Shares of Park Hotels and Resorts ( PACKAGE 1.25% )hotel confidence in real estate investment (REIT), fell early on Monday, dropping as much as 10% less than an hour after the market opened. The reason for the drop was fairly obvious: the REIT announced its earnings in the morning.
Hotels, even the high-end variety that Park has, have an effective rental term of one night. So when the economy goes through a tough time, the impact on hotels is incredibly quick. COVID-19[female[feminine started to become a problem at the beginning of the year, but really started to gain momentum in the second half of the first quarter. So Park Hotels & Resorts’ first-quarter earnings tell only part of the gravity of the business today.
This story is not very good. Revenue per room in the first quarter was down about 20% year-over-year. Adjusted operating funds (FFO), which for REITs is equivalent to the profits of an industrial company, fell by about two-thirds. The closure of more than half of its portfolio of hotels and limitations on those that remained open limited the REIT to only around 15% of the rooms it would normally have. The dividend is now reduced to zero. All bad news.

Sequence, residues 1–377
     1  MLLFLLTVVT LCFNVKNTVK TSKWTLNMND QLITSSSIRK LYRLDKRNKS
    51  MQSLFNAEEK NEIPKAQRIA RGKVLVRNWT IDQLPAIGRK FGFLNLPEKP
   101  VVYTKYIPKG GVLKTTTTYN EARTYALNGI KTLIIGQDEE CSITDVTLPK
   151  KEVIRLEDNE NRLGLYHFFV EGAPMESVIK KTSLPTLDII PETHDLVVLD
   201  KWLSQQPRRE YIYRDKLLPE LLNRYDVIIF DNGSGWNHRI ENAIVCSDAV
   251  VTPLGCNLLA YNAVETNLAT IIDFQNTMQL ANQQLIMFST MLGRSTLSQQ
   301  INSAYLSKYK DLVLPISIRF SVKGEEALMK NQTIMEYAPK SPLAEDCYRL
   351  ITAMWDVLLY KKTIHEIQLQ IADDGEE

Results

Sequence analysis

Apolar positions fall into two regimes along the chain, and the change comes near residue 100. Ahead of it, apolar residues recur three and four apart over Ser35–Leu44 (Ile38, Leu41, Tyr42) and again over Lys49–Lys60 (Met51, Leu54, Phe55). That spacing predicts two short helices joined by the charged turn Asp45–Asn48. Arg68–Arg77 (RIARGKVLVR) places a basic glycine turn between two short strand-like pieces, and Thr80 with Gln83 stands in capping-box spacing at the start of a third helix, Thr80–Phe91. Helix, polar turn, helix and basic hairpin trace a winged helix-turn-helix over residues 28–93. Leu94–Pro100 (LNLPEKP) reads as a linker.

The company has taken steps to improve liquidity and weather headwinds from COVID-19. But the performance of hotels fell significantly at the end of the quarter, which does not bode well for the second quarter. Investors are right to worry here, with even Park Hotels & Resorts saying the outlook is bleak at best. Unfortunately, things are likely to get worse before they start to get better.
In tough economic times, hotel REITs like Park tend to be hit hard. This is clearly visible today, with more pain likely in the months and quarters to come. Although economies around the world are beginning to reopen, the process is expected to be slow. Travel and hotel stays will likely take some time to return to anything close to normal. Only aggressive investors should look to Park Hotels & Resorts, or one of the hotel REITs, today.
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